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Cancelled Nickel Trades on the LME

300 H and H

Bronze Member
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20:33 min.

Patrick Boyle

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In markets, there are few principles considered more important by traders than the idea that when a commitment to a deal is made, it should stand come what may. So, there was uproar in the commodities market last week over the London Metal Exchange’s decision to bring the global nickel market to a halt and cancel futures trades because of a “short squeeze” on a Chinese tycoon facing potential billions of dollars of losses. In one of the most controversial moments in its 145-year history, the LME cancelled an entire days’ worth of trades after a near doubling of the price of nickel, a metal used in stainless steel and electric vehicle batteries. The rally, partially sparked off by Russia’s invasion of Ukraine, had left Xiang Guangda, the tycoon behind Tsingshan Holding, China’s leading stainless steel and nickel manufacturing group, unable to meet demands for extra cash on a huge bearish bet that backfired. The LME believes that if had it forced the settlement of the trades, it would have bankrupted some of its smaller members and its decision was “in the interests of the market as a whole”. In today’s video we look at what happened in the nickel market and how it is working itself out.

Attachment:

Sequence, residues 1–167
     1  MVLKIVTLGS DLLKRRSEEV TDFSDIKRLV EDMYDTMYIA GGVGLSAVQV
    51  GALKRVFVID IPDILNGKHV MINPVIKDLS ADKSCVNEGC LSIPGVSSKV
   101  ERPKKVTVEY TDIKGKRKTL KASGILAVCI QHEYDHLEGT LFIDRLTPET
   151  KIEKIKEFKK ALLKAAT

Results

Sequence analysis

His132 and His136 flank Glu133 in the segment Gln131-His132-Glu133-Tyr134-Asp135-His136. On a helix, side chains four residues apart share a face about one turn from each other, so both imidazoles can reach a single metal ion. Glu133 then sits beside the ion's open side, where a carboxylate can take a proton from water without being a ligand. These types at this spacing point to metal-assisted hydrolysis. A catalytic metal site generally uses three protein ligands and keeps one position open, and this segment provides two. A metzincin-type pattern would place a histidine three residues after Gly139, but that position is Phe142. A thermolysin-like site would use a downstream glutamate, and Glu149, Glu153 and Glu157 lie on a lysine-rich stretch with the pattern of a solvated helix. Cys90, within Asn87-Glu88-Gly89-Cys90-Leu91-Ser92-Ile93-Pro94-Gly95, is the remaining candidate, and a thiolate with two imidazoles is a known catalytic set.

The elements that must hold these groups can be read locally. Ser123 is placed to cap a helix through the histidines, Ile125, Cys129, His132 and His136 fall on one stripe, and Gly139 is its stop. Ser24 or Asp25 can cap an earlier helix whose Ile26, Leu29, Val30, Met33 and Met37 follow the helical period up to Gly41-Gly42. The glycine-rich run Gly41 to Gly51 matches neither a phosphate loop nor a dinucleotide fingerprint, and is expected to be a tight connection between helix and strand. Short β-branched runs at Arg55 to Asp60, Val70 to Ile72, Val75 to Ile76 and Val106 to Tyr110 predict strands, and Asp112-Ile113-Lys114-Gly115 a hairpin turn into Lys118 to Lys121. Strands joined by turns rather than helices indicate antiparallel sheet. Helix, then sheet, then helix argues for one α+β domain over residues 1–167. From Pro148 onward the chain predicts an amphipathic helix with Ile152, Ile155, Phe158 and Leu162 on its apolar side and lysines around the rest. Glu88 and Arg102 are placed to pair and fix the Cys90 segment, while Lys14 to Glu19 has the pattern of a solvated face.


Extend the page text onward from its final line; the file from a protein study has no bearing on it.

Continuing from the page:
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Jerk in a Hawaiian Shirt & SNOWCAT Moderator
Staff member
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Should be noted that the London Metals Exchange is owned by China.

JPMorgan, a group of other banks, bailed out Tsingshan Holdings, in a deal over the past couple of days.

Goldman stepping in to provide liquidity when the entire market is shut won't come cheap, and Goldman's traders are bidding Nickel at $25,000 a ton, and offering it at $37,000 a ton, roughly $5K on either side of the SHFE Nickel price which closed just under $30K/ton on Friday.